Eating colorful fruits and veggies can help reduce your risk of stroke, heart disease, diabetes and some cancers too

Recommended Content:

Nutrition | Human Performance Resource Center

Summertime food safety

The Centers for Disease Control and Prevention estimates one in six Americans get sick from foodborne illnesses, including those associated with poorly cooked or stored foods in hot environments. To avoid this, follow good cooking tips. Cook foods thoroughly. Use a food thermometer to check for doneness. Make sure cooked foods have reached a safe internal temperature. (U.S. Air Force photo)

The CDC estimates one in six Americans get sick from foodborne illnesses

Recommended Content:

Summer Safety | Nutrition | Human Performance Resource Center

Army researchers showcase Performance Readiness Bar

Two Soldiers taste-test the Performance Readiness Bar, a calcium and vitamin D-fortified snack bar developed to optimize bone health in basic trainees, during a bone health field study. (U.S. Army photo by David Kamm)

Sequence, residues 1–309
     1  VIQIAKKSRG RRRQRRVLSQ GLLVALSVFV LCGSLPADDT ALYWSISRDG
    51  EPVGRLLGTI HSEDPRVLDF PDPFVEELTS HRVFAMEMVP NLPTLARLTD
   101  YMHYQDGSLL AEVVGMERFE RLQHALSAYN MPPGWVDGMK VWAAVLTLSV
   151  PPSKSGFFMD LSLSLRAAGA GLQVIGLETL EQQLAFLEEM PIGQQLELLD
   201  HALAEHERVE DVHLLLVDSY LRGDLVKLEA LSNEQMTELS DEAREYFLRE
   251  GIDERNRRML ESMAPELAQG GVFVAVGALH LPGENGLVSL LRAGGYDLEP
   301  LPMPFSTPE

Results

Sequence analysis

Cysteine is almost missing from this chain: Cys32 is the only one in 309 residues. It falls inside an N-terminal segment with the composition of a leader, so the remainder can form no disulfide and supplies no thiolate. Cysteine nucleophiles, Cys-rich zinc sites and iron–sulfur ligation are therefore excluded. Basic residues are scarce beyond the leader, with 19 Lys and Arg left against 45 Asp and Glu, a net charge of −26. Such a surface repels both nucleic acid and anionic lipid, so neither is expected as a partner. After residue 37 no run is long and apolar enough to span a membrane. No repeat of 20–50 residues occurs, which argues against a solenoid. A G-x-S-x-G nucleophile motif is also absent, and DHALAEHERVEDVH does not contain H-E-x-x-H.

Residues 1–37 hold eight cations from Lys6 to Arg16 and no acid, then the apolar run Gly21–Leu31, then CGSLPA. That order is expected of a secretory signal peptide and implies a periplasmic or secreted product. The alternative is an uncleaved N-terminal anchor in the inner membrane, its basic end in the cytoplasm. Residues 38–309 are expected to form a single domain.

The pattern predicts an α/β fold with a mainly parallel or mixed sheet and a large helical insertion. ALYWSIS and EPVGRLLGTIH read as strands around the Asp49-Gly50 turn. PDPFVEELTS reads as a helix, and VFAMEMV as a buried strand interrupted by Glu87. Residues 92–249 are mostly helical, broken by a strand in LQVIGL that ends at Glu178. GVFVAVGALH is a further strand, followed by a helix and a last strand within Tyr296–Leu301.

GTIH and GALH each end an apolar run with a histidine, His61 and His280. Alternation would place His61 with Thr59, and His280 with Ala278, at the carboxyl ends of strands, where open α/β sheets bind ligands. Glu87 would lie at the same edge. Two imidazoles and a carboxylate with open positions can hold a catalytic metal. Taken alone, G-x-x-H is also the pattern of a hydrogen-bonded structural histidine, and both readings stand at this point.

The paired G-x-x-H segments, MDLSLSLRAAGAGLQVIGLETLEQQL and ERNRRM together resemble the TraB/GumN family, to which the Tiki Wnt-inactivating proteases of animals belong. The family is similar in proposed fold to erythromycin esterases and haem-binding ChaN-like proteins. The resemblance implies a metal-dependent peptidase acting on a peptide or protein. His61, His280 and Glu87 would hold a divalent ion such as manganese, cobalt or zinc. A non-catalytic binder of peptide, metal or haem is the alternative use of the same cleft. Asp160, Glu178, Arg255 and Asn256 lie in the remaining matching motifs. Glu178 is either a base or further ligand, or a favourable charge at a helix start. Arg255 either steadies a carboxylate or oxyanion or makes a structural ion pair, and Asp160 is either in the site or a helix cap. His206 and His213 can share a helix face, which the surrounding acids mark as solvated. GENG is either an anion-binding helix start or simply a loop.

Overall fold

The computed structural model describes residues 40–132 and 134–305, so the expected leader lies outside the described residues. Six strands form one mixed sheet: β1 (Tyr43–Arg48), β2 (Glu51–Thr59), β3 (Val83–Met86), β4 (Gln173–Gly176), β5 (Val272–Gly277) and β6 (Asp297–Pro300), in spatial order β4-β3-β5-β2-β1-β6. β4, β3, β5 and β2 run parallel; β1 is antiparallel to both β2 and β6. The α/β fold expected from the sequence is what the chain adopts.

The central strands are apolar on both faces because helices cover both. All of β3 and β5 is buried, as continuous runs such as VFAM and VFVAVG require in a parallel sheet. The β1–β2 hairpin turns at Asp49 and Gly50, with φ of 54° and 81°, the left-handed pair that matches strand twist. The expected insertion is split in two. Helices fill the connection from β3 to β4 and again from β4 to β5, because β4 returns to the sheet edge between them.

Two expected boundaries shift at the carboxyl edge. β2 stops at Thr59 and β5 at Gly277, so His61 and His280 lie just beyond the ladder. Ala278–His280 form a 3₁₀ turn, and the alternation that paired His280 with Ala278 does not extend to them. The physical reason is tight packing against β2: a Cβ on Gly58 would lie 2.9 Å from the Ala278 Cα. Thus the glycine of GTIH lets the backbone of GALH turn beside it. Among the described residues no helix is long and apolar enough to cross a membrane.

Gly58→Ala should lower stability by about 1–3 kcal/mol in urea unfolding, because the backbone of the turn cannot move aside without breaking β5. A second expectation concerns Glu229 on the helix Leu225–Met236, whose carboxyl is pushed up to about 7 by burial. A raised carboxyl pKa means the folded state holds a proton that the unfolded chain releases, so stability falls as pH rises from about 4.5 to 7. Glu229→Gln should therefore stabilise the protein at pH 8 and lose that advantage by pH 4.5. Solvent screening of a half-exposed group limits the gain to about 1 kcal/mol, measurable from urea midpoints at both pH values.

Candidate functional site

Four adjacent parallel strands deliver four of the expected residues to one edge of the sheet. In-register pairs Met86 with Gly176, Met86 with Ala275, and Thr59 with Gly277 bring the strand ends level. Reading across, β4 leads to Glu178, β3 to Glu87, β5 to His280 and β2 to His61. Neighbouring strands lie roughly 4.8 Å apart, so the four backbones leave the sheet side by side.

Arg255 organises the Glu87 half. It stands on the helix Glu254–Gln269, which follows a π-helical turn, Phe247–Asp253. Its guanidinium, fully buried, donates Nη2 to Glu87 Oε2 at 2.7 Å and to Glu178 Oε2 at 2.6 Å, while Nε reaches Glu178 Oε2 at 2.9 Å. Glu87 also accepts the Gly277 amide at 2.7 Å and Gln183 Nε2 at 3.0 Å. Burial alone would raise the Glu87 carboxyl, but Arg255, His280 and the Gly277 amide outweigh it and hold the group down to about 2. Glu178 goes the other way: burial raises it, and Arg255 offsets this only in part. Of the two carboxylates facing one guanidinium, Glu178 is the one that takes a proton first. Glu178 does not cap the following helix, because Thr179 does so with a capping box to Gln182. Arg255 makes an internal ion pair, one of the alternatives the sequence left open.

According to the Military Health System, recruits often arrive to basic training with poor calcium and vitamin D status

Recommended Content:


The scoop on probiotic and prebiotic foods

Prebiotic foods include bananas, onions, garlic, leeks, asparagus, artichokes, and whole grains. (Courtesy photo)

Benefits from eating foods with probiotics and prebiotics occur when they’re part of a diet that includes whole grains, fruits, vegetables and low-fat sources of dairy and protein

Recommended Content:

Nutrition | Human Performance Resource Center

Daily nutrition strategies for endurance

Fueling for endurance events starts by eating a balanced diet, high in variety. Consuming carbs from various sources before training and throughout each day will help keep you energized. Protein after your workouts will help you recover from your workout so you can train again tomorrow. (U.S. Army photo)

Performance nutrition really begins during training, when you consistently fuel your body with the proper amounts and kinds of calories and nutrients

Recommended Content:

Nutrition | Physical Activity | Human Performance Resource Center
<< < 1 2 3 > >> 
Showing results 1 - 15 Page 1 of 3

DHA Address: 7700 Arlington Boulevard | Suite 5101 | Falls Church, VA | 22042-5101

Some documents are presented in Portable Document Format (PDF). A PDF reader is required for viewing:: Download a PDF Reader or learn more about PDFs.